UPDATE 1-Russia sanctions may hurt German engineering sector-VDMA
* VDMA president warns against hasty action
* Says Russia is engineering sector's fourth-biggest market
* February orders fell 4 pct after January rise (Adds 2014 output outlook, order figures, background)
HANOVER, Germany, April 7 (Reuters) - The German engineering sector could be derailed if the European Union imposed strict sanctions against Russia following the latter's annexation of the Crimea region of Ukraine, trade body VDMA said on Monday.
The EU, United States and other Western nations have imposed sanctions in response to Russia's seizure of Crimea and have threatened broader economic penalties if it moves into southern and eastern Ukraine, which some German executives have warned would hurt their businesses.
"It is absolutely clear that there has been a blatant breach of international law... It is also clear that it is necessary to draw the line," VDMA President Reinhold Festge said at the Hannover Messe trade fair.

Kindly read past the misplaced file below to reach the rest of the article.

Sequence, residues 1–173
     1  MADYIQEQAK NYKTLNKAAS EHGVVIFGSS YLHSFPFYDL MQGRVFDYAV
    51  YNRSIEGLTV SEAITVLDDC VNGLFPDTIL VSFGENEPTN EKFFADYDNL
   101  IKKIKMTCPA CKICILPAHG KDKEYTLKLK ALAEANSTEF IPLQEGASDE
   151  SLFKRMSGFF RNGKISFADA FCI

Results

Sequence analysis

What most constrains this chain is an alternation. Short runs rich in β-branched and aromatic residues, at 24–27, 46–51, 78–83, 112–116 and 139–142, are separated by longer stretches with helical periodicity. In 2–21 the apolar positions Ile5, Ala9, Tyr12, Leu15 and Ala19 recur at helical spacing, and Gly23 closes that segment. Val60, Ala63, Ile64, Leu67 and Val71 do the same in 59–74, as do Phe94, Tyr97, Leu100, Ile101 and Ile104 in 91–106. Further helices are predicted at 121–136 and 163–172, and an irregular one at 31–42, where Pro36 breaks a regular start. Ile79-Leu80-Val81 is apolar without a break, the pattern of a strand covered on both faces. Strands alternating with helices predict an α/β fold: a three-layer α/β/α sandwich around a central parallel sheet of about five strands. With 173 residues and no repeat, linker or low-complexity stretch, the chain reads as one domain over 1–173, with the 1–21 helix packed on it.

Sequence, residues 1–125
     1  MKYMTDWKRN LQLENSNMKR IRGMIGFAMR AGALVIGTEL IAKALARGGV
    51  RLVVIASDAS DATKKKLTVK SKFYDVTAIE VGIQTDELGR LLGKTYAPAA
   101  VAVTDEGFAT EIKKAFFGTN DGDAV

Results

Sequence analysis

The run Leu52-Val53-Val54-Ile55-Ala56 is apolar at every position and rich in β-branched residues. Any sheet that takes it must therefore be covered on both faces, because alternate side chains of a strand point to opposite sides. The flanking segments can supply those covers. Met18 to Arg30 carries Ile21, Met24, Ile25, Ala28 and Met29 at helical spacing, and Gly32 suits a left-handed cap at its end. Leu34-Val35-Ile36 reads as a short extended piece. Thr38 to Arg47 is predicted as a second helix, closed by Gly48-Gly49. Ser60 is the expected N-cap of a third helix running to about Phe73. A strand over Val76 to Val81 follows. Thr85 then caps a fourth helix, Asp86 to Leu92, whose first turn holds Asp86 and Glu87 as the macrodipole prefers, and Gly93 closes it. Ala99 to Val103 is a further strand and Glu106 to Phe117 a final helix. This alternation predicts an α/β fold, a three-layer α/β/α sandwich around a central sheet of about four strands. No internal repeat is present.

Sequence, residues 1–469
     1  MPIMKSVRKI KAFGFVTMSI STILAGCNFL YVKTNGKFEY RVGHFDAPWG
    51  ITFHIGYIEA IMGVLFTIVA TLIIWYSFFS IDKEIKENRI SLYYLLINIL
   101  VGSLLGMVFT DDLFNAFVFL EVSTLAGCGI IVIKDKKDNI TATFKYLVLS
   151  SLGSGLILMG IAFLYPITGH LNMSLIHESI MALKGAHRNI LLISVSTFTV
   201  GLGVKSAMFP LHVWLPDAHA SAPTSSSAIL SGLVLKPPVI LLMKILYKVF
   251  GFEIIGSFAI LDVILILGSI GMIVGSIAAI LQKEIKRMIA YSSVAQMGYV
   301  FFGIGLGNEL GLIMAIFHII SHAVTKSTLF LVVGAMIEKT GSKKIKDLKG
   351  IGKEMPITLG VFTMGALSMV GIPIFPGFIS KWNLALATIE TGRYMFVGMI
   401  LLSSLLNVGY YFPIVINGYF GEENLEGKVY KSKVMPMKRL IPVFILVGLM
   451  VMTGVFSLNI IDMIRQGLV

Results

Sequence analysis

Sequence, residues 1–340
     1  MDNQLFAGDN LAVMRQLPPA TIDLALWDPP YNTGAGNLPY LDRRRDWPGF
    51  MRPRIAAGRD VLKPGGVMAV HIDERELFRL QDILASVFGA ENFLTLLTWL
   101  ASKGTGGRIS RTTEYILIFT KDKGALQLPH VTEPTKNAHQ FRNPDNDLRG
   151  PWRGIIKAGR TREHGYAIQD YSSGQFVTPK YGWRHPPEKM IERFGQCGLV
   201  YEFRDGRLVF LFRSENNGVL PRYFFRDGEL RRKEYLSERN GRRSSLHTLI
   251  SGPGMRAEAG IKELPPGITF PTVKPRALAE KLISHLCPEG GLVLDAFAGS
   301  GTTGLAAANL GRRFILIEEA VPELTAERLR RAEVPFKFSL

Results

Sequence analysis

"But you have to know what you are doing when you continue to escalate, yelling and screaming," he said.
Russia is Germany's 11th biggest commercial partner, with trade reaching 76.5 billion euros ($105 billion) last year, according to the trade association Ost Ausschuss.
Joe Kaeser, head of German conglomerate Siemens, met Russian President Vladimir Putin in Moscow last month to secure his firm's interests, drawing criticism from some German politicians.
"This concerns the engineering sector's fourth-biggest market, and there is no other country that has invested in Russia as massively as Germany," Festge said.
The VDMA represents more than 3,000 mainly small and medium-sized companies but also large companies such as Siemens, MAN SE and ThyssenKrupp. The sector is Germany's largest industrial employer, with 993,000 workers.
The VDMA expects engineering output to grow by 3 percent this year, recovering from a 1.5 percent decline in 2013.
Output rose by 5.6 percent in January, VDMA has said, but capacity utilisation was relatively low at 84.4 percent. Orders - an indicator for future output and sales - rose 6 percent in January but then slipped 4 percent in February.
($1 = 0.7303 euros) (Reporting by Tom Kaeckenhoff; Writing by Maria Sheahan; Editing by Erica Billingham)